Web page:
Facebook Co-Founder and CEO Mark Zuckerberg spoke with Farhad Manjoo of The New York Times’ Bits blog about the Facebook Creative Labs initiative to create new mobile applications, the differences between Facebook Messenger and WhatsApp, and turning 30, among other things.
Anonymity is becoming more accepted at Facebook. The social network has defended its policy of requiring users to use their real names over the years, but Co-Founder and CEO Mark Zuckerberg said in a January interview with Bloomberg Businessweek that real names will not be required to access the separate mobile applications the company plans to roll out. And now Re/code reports that the social network is in talks with social app Secret.
Facebook’s formation of Facebook Creative Labs, the initiative behind its newly announced Paper iPhone application, also brought with it a quiet, behind-the-scenes policy shift at the social network: Users’ real names will not be required to access the separate mobile apps that are being developed.
Many Facebook users post photos of new big-ticket purchases such as houses, boats, and cars. Unfortunately, some of those Facebook users are being less than truthful with credit bureaus and other financial firms about their incomes and assets. And those companies are starting to examine Facebook more closely, Bloomberg reports.
Custom Facebook applications are crucial for brands that run promotions on Facebook. The rules of the platform simply state that all promotions on Facebook must be administered within apps on Facebook.com, either on a canvas page or a page app. If you are about to launch an app of your own, have a look at the following tips we have picked up while developing Facebook apps for brands over the past couple of years. Some are no-brainers that are often forgotten, and some are quite specific, but all are useful to remember.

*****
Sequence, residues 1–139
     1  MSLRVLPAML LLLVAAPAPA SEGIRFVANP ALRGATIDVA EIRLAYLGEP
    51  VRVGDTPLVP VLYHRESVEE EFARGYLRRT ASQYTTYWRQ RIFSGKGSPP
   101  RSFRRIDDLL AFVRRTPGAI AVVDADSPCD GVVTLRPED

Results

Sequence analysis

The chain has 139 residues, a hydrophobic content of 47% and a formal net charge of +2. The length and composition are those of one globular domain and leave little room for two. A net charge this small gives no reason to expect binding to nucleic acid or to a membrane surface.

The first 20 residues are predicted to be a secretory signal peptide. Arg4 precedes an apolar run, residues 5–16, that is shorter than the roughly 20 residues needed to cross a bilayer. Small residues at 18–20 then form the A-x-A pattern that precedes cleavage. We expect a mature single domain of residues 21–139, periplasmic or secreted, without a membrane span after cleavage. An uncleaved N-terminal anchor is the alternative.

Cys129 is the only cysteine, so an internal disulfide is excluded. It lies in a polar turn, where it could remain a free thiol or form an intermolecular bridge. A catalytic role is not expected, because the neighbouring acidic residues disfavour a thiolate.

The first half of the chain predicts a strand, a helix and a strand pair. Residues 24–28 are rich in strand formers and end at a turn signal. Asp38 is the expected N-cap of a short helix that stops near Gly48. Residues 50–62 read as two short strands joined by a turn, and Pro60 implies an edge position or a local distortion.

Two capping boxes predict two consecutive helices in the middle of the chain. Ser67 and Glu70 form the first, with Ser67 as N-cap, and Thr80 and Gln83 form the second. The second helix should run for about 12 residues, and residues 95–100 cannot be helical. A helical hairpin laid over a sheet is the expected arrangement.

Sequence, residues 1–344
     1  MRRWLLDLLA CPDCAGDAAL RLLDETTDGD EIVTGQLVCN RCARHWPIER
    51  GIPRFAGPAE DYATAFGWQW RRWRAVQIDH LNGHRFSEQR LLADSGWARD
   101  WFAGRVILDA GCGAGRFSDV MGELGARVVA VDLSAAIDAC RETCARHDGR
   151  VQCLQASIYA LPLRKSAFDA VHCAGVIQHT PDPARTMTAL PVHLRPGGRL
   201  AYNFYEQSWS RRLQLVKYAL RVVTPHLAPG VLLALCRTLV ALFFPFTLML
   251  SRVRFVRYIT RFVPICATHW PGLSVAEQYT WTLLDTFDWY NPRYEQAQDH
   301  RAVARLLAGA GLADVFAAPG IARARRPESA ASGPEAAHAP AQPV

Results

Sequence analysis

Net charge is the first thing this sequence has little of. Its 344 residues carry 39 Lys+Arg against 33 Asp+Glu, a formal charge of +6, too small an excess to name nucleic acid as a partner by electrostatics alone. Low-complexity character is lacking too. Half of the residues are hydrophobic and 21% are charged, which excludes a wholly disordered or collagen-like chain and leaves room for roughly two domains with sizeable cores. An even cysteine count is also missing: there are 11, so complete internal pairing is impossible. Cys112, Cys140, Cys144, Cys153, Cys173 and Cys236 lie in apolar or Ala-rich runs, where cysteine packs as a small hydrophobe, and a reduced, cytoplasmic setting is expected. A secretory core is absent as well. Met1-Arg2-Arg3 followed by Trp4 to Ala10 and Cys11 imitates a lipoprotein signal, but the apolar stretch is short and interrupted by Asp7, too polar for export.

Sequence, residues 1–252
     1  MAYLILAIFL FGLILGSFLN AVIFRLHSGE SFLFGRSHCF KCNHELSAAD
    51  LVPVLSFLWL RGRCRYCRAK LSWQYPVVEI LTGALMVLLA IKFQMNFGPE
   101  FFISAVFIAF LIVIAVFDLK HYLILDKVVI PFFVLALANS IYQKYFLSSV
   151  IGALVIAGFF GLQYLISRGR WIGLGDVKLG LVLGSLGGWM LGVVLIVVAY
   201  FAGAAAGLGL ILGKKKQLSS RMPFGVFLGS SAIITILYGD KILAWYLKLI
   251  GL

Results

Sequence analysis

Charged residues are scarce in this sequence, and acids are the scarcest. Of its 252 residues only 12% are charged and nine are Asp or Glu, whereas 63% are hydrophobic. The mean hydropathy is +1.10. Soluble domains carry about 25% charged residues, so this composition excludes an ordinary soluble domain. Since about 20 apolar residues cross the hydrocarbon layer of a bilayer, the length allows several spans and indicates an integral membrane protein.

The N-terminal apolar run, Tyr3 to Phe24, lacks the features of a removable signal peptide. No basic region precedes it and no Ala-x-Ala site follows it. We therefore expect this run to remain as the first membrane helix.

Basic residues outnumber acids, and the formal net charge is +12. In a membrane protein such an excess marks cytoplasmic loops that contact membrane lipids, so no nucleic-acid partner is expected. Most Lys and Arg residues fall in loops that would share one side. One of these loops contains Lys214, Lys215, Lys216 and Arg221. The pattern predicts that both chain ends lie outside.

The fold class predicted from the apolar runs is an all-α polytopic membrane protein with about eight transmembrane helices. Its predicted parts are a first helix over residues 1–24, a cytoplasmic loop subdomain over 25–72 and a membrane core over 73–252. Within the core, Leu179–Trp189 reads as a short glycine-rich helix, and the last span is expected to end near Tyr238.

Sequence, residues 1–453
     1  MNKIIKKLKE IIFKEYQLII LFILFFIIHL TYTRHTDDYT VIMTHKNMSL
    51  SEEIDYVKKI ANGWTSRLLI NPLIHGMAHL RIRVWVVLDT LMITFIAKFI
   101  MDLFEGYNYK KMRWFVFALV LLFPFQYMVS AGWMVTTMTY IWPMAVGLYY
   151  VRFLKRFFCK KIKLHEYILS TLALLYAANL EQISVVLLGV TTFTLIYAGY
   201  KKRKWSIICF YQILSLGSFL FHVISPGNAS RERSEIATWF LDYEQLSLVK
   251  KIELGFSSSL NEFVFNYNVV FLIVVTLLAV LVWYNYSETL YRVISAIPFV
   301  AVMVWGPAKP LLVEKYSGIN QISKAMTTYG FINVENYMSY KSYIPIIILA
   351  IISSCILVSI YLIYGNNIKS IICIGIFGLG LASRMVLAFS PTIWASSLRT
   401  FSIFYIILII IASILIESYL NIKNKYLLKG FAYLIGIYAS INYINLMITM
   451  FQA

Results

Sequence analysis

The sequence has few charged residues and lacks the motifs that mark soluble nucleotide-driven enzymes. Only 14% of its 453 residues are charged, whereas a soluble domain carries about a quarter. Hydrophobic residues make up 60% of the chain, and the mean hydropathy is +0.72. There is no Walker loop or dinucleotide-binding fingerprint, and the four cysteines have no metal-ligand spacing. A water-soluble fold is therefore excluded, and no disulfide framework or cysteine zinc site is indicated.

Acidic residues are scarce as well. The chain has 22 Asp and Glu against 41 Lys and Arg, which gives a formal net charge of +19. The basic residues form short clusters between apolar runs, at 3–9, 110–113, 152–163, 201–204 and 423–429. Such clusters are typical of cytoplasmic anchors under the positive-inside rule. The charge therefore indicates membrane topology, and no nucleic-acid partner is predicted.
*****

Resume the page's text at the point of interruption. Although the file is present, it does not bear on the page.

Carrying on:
Facebook’s good fortune in courtrooms extended overseas, as the administrative court for the northern German state of Schleswig-Holstein sided with the social network and suspended the enforcement of an order that it allow users to register under pseudonyms.
The data-protection commissioner for the northern German state of Schleswig-Holstein, Thilo Weichert, took his campaign against Facebook’s insistence that users provide their real names up a notch, threatening to fine the social network £16,000 ($20,877) if it refuses to abolish that policy.
Facebook will finally introduce a verified-account feature for personalities today, although their real names must still be used when they sign up, but it differs from those of Twitter and Google Plus in one major way: Users will not see any kind of badge or other graphic indicating that the account is verified.